Population growth rate and population size—these are ideas that people sometimes confuse when they discuss population's role in climate change. The two are related, of course. But they differ significantly when it comes to policy options for mitigating population's effect on climate change.
Wang Haibin's first essay in this roundtable includes an example of such confusion. It's true, as Wang notes, that China's population growth rate—1.25 percent between 1987 and 2000—declined to 0.56 percent between 2000 and 2014. But Wang goes wrong when, while minimizing population's role in greenhouse gas emissions, he contrasts quickening growth in China's emissions to its slowing population growth. What he overlooks is that China's actual population—1.09 billion in 1987—increased to 1.27 billion in 2000 and to 1.37 billion in 2014. That's a very significant increase in population, even if the rate of population growth has been slower in recent years than in past ones. The truth is that increased population has had much to do with growth in China's carbon dioxide emissions.
To be sure, China's carbon footprint would be much heavier today if its population growth rate hadn't slowed since the 1980s. The Chinese Communist Party claims that the one-child policy averted 400 million births—a number larger than the total population of any country in the world except India and China itself. The one-child policy cannot be condoned. But still one must acknowledge that it accomplished more for the global environment than any other state policy in the world.
The good news, though, is that population growth rates can be influenced by policies that—unlike the one-child policy—respect people's right to make individual reproductive choices. The same can't be said of a population's current size, which can only be drastically altered through unthinkable steps such as genocide and forced expulsion.
This brings me around to agreeing with Wang's Round One statement that "the best way to limit carbon dioxide emissions is through altering behavior—not through limiting population." I agree because limiting population, under any circumstances, is unethical and criminal. Limiting a population's growth rate, however, can be achieved by providing universal access to voluntary family planning services; encouraging females to marry later; and improving female education. These are effective policy tools that provide huge benefits for individuals, societies, and the environment. Indeed, where altering behavior for the climate's sake is concerned, the easiest approach of all is to help women avoid unplanned pregnancies.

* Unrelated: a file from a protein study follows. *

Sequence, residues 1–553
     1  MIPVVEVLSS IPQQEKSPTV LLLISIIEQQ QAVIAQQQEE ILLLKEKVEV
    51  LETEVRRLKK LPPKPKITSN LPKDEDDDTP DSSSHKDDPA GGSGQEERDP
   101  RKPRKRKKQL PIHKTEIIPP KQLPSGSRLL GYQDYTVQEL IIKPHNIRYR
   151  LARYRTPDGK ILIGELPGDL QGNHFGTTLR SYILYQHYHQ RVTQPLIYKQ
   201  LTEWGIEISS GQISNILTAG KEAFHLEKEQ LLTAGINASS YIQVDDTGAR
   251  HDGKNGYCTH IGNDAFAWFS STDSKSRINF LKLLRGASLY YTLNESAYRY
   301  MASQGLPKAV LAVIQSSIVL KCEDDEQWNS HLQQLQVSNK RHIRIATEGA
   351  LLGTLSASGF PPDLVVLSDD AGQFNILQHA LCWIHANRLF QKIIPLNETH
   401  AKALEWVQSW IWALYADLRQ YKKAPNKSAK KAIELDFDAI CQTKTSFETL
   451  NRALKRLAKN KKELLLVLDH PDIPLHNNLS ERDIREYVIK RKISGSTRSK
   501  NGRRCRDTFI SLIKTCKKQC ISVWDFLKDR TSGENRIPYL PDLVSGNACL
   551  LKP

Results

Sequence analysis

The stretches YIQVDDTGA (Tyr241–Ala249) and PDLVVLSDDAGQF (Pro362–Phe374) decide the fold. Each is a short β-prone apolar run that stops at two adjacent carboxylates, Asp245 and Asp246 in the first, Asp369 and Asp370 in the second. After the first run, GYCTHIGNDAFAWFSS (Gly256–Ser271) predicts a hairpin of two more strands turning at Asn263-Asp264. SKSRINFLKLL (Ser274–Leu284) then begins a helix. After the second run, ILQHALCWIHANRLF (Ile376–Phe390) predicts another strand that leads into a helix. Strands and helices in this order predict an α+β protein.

Wang expresses enormous faith in the potential of good governance to address climate change—and in the capacity of individuals, once good governance has freed them from want, to act in ways that benefit the environment. But he overstates his point. He writes, for example, that "[w]here governance is poor, a larger population will likely entail more pollution" whereas, in well-governed societies, "greater population only increases the chances that humans will discover brilliant solutions to the challenges that face them." The problem with his reasoning is that richer countries pollute more than poorer countries, and larger populations (all else being equal) pollute more than smaller populations.
There's no denying that addressing climate change requires good governance of Earth's systems. Likewise, eradicating poverty depends in part on establishing good political governance. But addressing climate change while also ending poverty will be much, much easier if sex can be decoupled from childbearing everywhere in the world. Ending the tyranny of unplanned pregnancy is a key component in establishing the sort of green economy that can both lift people from poverty and help avert the worst consequences of climate change.
So our colleague Alisha Graves, who champions "green sex," has got the right idea. Go green!
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